Washington Update - September 17, 2012
Vianovo | Sep 17, 2012
President Barack Obama's post-convention job approval improvement held the 49-50 percent range as he established a 3-4 point lead over his rival Mitt Romney. Romney accused the President of sympathizing with violent Muslim radicals in Syria who killed U.S. Ambassador Chris Stevens and three other consular personnel. President Obama accused Romney of shooting before he aimed on international matters. The Obama campaign sees Romney losing credibility; the Romney campaign sees events shaking up the race to Romney’s advantage.
The dynamic makes the President a tenuous favorite for reelection, putting the onus on Romney to change the campaign’s trajectory – suggesting more risky attacks similar to the accusation of sympathy for Muslim murderers.
Congress is intent on departing town this week. Last week, the House approved a six-month stopgap-spending bill. When the Senate clears the measure for President Obama's signature this week, Congress plans to adjourn until after the November election.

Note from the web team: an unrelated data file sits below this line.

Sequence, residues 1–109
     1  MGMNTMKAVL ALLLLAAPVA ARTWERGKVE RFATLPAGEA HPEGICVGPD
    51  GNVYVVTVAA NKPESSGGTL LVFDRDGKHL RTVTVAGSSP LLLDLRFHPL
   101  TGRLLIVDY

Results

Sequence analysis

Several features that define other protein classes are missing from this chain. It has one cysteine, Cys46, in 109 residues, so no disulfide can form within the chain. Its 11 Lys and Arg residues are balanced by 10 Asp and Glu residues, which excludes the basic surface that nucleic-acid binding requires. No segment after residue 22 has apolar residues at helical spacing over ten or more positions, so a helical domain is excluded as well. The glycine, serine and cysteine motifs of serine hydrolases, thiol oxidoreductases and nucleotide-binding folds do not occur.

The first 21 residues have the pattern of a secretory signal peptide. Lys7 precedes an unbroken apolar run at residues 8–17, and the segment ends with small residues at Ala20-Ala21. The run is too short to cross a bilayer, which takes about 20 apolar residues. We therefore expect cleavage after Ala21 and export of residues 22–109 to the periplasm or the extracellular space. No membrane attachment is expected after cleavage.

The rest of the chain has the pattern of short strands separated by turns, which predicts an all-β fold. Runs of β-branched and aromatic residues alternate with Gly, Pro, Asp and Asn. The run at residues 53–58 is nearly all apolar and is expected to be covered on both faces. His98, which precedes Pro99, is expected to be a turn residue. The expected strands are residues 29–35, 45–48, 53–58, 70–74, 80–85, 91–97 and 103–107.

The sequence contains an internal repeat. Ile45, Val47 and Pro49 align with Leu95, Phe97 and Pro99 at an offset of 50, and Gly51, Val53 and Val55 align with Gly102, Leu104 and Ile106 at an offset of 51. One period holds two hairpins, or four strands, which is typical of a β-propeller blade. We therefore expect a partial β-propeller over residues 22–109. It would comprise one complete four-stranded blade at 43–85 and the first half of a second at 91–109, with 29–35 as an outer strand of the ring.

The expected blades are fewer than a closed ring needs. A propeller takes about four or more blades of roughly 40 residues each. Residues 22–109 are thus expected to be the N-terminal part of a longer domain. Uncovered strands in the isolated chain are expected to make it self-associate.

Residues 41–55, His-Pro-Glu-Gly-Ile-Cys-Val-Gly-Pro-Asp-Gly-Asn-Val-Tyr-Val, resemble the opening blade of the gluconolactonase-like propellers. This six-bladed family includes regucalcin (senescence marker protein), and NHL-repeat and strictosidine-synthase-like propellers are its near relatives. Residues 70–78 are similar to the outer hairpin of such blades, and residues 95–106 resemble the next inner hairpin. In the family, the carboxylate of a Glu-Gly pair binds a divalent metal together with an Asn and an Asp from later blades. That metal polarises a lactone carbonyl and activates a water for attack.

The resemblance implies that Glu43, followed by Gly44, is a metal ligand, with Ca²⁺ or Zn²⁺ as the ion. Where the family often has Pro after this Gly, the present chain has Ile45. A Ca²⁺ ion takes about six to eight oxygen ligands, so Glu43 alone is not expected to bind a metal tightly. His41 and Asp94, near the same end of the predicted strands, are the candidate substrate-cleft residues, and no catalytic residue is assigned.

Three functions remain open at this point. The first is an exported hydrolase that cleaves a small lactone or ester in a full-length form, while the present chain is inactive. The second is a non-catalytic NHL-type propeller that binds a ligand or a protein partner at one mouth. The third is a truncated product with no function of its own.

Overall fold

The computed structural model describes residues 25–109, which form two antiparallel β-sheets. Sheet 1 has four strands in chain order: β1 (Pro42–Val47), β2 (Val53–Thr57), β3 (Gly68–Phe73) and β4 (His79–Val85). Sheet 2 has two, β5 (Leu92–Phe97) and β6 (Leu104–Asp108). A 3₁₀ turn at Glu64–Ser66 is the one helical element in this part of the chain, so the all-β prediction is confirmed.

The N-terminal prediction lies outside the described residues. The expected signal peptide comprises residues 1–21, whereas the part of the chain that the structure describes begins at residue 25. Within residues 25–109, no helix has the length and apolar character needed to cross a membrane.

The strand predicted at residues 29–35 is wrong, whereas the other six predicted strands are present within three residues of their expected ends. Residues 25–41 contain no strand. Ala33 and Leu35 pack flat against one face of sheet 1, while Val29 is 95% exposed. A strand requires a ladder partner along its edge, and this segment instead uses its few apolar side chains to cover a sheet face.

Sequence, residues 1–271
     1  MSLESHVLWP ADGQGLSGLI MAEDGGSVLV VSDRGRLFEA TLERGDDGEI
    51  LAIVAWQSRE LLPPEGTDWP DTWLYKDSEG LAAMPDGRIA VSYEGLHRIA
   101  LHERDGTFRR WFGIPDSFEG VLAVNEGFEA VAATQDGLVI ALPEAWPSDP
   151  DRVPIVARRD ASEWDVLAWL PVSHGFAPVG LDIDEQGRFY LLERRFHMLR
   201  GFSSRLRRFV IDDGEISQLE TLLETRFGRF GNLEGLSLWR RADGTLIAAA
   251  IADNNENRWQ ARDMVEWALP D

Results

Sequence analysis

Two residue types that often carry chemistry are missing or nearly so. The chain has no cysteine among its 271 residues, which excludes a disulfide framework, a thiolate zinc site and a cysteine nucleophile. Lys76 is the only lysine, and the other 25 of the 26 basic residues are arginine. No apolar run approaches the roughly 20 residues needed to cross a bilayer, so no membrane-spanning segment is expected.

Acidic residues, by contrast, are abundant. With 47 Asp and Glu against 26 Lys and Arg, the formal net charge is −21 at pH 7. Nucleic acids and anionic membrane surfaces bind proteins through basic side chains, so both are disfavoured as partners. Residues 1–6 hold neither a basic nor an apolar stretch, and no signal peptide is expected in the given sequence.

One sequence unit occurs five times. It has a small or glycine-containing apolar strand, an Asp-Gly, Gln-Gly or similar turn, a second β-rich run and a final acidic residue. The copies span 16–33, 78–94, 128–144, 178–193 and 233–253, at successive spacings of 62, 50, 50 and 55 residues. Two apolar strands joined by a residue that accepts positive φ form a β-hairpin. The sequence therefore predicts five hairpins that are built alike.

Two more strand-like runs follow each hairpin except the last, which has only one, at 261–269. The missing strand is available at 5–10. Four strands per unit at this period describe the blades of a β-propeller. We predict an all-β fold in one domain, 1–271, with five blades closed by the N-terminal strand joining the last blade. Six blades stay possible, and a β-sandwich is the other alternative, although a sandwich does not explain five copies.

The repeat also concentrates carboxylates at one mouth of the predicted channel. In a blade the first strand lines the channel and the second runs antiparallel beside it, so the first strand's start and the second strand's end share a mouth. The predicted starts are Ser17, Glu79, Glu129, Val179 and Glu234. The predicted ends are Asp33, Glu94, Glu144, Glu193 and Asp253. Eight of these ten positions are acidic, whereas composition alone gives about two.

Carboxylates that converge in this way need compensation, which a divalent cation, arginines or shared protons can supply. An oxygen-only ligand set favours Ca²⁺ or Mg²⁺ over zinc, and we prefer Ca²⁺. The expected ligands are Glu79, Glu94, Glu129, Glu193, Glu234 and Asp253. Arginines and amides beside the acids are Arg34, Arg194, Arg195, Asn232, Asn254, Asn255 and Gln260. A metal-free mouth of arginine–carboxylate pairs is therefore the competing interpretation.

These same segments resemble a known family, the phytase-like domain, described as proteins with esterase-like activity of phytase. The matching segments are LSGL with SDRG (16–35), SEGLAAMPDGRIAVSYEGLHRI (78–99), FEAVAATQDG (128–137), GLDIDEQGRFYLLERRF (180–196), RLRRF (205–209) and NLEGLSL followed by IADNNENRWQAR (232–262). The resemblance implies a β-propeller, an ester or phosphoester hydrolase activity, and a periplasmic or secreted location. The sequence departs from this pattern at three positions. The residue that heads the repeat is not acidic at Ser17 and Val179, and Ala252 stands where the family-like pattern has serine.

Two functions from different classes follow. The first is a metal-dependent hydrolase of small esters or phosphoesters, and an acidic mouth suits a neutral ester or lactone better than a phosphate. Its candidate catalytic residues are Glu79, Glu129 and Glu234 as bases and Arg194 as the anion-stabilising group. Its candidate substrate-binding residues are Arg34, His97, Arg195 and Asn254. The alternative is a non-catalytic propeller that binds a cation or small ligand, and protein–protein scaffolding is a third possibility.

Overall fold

The continuing resolution would fund government through March 27, 2013 at current levels as agreed in last year's debt limit bill. Senators will vote this week on a veteran's employment measure and Representatives will take up bills protesting the "war on coal." Last week, Representatives voted again to protest sequestration defense spending cuts. The White House released a report deriding sequestration cuts to defense and domestic spending while demanding Congress act to avoid them.
Congress' departure would leave a stack of unfinished business for the 16-day Lame Duck session. Atop the agenda will be sequestration, expiring tax rates and other tax provisions, the defense authorization and farm bill. Conventional wisdom predicts temporary extensions of most items until a new Congress convenes in January, but angry partisans may prevent any action even on temporary bills – sending the government over the fiscal cliff and forcing the next Congress to clean up the mess.